Meralgia paresthetica





Meralgia paresthetica is numbness or pain in the outer thigh not caused by injury to the thigh.



MP is caused by injury to a nerve that extends from the spinal column to the thigh.



A mononeuropathy.



It is a chronic neurological disorder involving  the lateral cutaneous femoral nerve of the thigh, which is also called the lateral femoral cutaneous nerve:  the syndrome lateral femoral cutaneous neuropathy.



Seen in teenagers wearing skin-tight trousers.



Consists of pain on the outer side of the thigh, occasionally extending to the outer side of the knee, usually constant.



Is associated with a burning sensation, tingling, or numbness in the same area.



Pain is described as tingling, numbness, coldness,  sharp pain, and burning pain.



Manifests as  pain, dysesthesias,  and paresthesias over the anterior lateral thigh.



Pain may be acute.



Patients have more sensitivity to light touch than to firm pressure.



Hypersensitivity to heat may be present.



Occasionally it is associated with aching in the groin area or pain spreading across the buttocks.



Occasionally, patients complain of itching or a bothersome sensation rather than pain in the affected area.



The entire distribution of the nerve is rarely affected by symptoms.



 The lateral cutaneous femoral nerve is susceptible to compression with stretching along the course to the thigh and it is caused often by tight clothing or belts. 



Risk for its development is increased with diabetes, obesity, and pregnancy.



Treatment consists of conservative measures such as weight loss and looser clothing. 



In intractable cases nerve blocks are performed. 



Most patients improve with symptomatic support.



The lateral femoral cutaneous nerve is most often injured by entrapment or compression where it passes between the upper front hip bone and the inguinal ligament near the attachment at the anterior superior iliac spine.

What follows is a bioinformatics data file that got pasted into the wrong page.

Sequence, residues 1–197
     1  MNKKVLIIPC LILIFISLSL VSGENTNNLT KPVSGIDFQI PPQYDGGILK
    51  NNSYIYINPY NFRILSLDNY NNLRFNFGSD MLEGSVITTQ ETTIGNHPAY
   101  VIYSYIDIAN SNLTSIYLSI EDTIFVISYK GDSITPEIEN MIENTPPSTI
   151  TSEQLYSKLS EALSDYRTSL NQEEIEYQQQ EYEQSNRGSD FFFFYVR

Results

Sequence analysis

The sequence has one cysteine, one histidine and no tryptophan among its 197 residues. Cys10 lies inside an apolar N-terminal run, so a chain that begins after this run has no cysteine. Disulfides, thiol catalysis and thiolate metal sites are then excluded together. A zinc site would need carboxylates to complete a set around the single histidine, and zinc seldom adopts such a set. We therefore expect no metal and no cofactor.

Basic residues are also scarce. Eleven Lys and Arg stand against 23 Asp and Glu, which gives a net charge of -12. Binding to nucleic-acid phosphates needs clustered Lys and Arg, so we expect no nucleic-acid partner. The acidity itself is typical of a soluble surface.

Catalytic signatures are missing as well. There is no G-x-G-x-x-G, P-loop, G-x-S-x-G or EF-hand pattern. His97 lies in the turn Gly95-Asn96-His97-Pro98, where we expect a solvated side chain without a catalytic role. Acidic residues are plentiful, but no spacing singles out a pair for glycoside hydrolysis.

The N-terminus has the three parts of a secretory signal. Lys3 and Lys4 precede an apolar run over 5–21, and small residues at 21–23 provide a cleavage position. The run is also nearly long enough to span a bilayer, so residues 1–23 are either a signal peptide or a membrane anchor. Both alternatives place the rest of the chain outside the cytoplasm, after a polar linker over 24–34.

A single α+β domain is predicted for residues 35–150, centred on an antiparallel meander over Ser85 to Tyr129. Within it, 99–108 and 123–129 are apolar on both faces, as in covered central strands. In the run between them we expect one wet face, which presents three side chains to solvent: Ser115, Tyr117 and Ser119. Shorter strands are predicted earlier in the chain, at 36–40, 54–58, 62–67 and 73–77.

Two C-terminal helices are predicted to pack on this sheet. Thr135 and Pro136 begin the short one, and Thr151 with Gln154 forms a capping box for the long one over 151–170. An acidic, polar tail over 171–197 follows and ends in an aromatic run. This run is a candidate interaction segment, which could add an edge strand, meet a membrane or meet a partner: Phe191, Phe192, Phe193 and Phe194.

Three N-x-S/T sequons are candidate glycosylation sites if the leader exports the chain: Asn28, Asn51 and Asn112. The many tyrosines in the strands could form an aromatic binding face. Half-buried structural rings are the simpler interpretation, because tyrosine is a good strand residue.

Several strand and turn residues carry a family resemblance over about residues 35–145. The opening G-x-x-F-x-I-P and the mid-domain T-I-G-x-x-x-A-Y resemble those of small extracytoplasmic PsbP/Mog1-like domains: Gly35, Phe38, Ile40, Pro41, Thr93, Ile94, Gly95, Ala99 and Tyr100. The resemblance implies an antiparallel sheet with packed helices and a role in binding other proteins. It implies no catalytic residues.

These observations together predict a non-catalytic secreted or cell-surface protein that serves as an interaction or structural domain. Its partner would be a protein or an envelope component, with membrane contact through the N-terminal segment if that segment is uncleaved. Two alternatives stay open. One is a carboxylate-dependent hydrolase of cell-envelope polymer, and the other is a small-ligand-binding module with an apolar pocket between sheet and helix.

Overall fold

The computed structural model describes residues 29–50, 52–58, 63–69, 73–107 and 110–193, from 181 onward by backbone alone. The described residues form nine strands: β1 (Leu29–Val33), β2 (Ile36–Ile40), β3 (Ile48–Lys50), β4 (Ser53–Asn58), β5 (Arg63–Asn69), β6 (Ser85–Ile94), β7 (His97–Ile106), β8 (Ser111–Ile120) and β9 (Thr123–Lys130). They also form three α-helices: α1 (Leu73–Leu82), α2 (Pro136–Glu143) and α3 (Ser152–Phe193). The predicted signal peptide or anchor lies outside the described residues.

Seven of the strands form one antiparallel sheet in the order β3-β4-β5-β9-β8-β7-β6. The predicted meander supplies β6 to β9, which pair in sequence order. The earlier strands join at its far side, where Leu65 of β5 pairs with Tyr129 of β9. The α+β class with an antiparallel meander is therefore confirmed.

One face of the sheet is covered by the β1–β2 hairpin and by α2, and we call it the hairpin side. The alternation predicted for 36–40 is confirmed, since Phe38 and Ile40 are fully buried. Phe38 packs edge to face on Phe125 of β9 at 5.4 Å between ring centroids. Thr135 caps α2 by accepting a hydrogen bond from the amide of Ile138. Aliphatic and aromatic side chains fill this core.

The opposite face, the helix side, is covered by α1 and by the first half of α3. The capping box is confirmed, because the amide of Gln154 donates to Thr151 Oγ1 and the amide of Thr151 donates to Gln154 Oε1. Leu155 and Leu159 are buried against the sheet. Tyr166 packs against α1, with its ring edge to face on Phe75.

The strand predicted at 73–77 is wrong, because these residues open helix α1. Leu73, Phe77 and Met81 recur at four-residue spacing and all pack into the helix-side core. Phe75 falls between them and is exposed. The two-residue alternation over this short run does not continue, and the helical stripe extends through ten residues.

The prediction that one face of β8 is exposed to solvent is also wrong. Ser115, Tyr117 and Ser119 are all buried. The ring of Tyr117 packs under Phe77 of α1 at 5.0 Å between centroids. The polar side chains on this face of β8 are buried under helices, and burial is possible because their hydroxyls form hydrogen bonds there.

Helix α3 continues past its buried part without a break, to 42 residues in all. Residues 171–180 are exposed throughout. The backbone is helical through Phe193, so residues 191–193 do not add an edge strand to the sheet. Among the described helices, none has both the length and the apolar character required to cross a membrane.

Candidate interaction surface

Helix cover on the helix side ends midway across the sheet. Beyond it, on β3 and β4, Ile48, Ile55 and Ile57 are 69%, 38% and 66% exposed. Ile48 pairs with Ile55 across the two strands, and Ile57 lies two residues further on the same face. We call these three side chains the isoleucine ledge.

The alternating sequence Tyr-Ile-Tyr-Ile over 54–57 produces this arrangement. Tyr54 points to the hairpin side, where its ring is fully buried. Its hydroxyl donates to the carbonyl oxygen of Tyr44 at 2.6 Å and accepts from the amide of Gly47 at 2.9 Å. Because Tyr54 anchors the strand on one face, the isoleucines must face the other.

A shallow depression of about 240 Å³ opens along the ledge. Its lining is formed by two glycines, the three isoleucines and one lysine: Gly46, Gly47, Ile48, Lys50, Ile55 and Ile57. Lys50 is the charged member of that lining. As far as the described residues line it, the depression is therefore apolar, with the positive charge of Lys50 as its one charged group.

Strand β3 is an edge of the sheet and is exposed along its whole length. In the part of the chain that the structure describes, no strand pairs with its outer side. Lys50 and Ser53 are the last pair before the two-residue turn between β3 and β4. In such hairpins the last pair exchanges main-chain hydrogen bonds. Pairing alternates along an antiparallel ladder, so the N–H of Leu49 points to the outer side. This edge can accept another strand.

Rarely, the nerve may be entrapped by abnormal structures, or damaged by diabetic or other neuropathy or trauma.



Weight gain may make underwear, belts or waistbands to exert higher levels of pressure. 



Weight loss or aging may decrease protective fat layers under the skin, allowing the nerve to compress against underwear, clothing, and by belts. 



Additionally, long periods of standing or leg exercise can increases tension on the inguinal ligament may also cause pressure.



The lateral cutaneous nerve of the thigh be damaged during laparoscopic hernia repair.



Scarring from the above procedure can lead to meralgia paraesthetica.



Diagnosis is largely based on history:  recent surgeries, hip injuries, or repetitive activities that could irritate the nerve. 



Examination for  sensory differences between the affected leg and the other leg. 



Electromyographic (EMG) nerve-conduction studies may be required to establish the diagnosis.



X-rays , and CT or MRI scans may be needed to exclude bone abnormalities or exclude soft tissue causes such as a tumors, that might put pressure on the nerve



Treatment  is to remove the cause of compression by modifying patient behavior, to relieve inflammation and pain. 



Treatment takes several weeks to months for benefit.



Treatments include: 



Wearing looser clothing and suspenders rather than belts



Weight loss if obesity is present



NSAIDs to reduce inflammatory pain 



Reducing physical activity



Deep tissue massage 



Physical therapy, such as stretching and massage, may help in the management of pain.



Inguinal ligament stretching can rapidly relieve symptoms.



Use of rest periods improves pain.



Lose weight, and exercise to strengthen abdominal muscles.



Apply heat, ice, or electrical stimulation.



Lidocaine patches



Titanium dioxide patches may interfere with the electrostatic effect of the nerves on the surface of the skin.



It may take weeks for the pain to stop, and in some patients, numbness persists.



In severe cases, a local nerve block at the inguinal ligament, may provide relief that may last several weeks.



Persistent and severe cases may require surgery to decompress the nerve.



Resection of the nerve is the last resort and  will result in permanent numbness in the area.


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